Anglo-Dutch oil company Royal Dutch Shell plans to sell off assets, cut spending and freeze a controversial Arctic drilling programme in a new focus on returns following a major profit warning.
Just a month into his new job as chief executive of the world's No.3 investor-owned oil company, Ben van Beurden set out plans to make the group much leaner.
"Our overall strategy remains robust, but 2014 will be a year where we are changing emphasis, to improve our returns and cash flow performance," van Beurden said in a statement.
Shell earlier this month issued a shock profit warning for the quarter to the end of December, detailing across-the-board problems just two weeks after van Beurden had replaced former chief executive Peter Voser.
Shell is not the only big oil company struggling for profit growth. Its warning followed one earlier in January by Chevron Corp, the second-largest U.S. oil company, and reflects how the industry is having to grapple with replacing reserves, lower oil prices and the need to control costs.
Shell's capital spending will fall to $37 billion this year from $46 billion in 2013, it said, increasing the pace of asset sales and target disposals of $15 billion for 2014-15.
The company will also take tough decisions on projects, cancelling this year's planned controversial and costly hunt for oil in Alaska's Arctic seas, in a u-turn of plans made as recently as December.
Shell had spent around $4.5 billion searching for oil off the coast of Alaska since 2005 but was forced to cancel last year's Arctic offshore drill season after the grounding of a drillship in a storm in 2012 and against a backdrop of significant environmental opposition.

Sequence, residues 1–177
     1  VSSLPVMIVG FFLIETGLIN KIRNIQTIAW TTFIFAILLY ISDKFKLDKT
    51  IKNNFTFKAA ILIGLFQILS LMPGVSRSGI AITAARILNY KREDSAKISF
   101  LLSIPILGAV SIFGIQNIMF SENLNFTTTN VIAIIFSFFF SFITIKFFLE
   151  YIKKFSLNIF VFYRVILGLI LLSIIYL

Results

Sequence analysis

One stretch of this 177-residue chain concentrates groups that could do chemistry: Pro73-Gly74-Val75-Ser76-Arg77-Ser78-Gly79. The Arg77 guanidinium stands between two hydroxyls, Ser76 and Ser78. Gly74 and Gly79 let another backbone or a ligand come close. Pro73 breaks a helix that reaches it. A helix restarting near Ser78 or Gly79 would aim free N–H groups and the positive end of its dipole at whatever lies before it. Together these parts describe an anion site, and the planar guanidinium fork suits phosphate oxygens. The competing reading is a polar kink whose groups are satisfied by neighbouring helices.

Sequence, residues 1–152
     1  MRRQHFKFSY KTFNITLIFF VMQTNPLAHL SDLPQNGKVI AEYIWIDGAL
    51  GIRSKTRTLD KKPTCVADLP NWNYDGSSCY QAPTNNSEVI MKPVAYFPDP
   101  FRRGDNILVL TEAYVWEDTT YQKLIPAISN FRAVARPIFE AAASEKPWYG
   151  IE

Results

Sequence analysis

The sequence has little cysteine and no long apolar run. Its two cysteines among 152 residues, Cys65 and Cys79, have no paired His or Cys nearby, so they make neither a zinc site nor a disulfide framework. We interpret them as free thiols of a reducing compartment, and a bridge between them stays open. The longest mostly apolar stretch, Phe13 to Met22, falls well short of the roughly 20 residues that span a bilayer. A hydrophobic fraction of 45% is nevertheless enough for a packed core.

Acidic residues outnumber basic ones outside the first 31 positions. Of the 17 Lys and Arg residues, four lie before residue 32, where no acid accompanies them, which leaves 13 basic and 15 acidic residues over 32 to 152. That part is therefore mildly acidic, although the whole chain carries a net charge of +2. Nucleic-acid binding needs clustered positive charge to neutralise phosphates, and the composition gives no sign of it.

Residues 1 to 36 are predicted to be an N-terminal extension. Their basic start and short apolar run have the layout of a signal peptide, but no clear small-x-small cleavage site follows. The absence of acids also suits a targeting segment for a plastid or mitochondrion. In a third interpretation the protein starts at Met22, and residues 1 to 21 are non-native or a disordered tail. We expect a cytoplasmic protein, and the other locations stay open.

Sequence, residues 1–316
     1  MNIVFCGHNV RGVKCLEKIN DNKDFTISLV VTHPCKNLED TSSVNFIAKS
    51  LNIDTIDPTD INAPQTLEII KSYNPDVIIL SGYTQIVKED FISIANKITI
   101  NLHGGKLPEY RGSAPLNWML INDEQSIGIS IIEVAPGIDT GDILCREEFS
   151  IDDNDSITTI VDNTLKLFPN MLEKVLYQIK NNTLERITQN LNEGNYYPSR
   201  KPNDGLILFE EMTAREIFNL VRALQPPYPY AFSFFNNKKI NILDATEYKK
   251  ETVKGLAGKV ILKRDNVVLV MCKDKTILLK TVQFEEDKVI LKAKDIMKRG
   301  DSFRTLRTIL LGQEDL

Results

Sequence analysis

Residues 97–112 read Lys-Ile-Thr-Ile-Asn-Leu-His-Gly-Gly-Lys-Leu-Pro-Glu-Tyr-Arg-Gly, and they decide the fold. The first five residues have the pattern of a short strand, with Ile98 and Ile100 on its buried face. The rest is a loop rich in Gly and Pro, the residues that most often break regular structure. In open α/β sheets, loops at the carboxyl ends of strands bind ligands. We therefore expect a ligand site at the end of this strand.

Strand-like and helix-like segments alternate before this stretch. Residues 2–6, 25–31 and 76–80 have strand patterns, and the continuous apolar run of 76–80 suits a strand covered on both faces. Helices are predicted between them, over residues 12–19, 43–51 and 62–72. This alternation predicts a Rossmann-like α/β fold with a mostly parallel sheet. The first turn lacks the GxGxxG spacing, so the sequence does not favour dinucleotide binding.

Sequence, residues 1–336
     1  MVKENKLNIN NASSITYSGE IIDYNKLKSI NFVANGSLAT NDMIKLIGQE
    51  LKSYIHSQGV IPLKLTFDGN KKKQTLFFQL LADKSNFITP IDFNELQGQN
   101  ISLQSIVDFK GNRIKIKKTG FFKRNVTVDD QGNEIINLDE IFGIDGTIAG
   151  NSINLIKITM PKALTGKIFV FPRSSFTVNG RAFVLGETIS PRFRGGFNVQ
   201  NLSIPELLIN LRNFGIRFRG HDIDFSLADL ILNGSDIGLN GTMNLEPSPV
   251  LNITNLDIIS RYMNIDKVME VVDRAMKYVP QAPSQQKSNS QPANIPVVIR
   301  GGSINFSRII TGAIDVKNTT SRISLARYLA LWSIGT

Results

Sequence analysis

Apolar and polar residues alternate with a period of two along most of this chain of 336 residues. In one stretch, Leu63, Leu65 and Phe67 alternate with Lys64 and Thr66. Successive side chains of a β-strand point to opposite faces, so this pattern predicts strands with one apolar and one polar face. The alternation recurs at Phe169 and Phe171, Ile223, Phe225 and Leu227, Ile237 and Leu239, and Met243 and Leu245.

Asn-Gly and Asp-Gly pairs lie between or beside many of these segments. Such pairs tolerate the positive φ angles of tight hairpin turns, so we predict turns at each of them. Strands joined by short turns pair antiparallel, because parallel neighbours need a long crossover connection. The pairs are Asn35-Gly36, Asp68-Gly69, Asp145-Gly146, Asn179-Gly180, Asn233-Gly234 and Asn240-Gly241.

"We are making hard choices in our world-wide portfolio to improve Shell's capital efficiency", van Beurden said.
The $15 billion of disposals targeted for this year and next would be equivalent to around 6.5 percent of Shell's current $228 billion market capitalisation and compared to proceeds from divestments of $1.7 billion in 2013.
The company flagged it could also potentially look to make sales in its upstream America's division where weak gas prices in its shale portfolio could also lead to impairments.
To sweeten investors, it plans to raise its first quarter dividend by 4 percent compared with the same period last year to $0.47 per share, in a move which it said reflected its confidence in its ability to boost free cash flow.
Van Beurden also said Shell would abandon its previously-set cash flow and spending targets. The company had set a cash flow target of achieving between $175 billion to $200 billion between 2012 and 2015, at an oil price of between $80 to $100.
Shell had pledged a four-year net investment spend of $130 billion for 2012 to 2015, based on a $100 oil price scenario.
Fourth-quarter earnings, excluding identified items and on a current cost of supply basis, came in at $2.9 billion, in line with a downgraded profit expectation it gave on Jan. 17, and making the quarter its least profitable for five years.
Shell blamed the fourth quarter profit warning on weak refining profit margins, higher production costs, output stoppages in Nigeria and maintenance in its LNG business. The company had also undershot analysts' forecasts in the third quarter of 2013.
The step-up in disposals had been flagged by Shell last October, although no target was given, and the company has already begun the process, raising $2.14 billion from selling stakes in projects in Australia and Brazil.
Van Beurden is due to give more detail on his strategy for the company at a management day on Mar. 13.
Shares in Shell, which are trading 7 percent lower than where they were a year ago, were up 2 percent at 2,169.5 pence at 0848 GMT on Thursday.
U.S. oil firms Exxon Mobil Corp, the world's largest publicly-traded oil company, and ConocoPhillips are both due to report fourth-quarter earnings later on Thursday.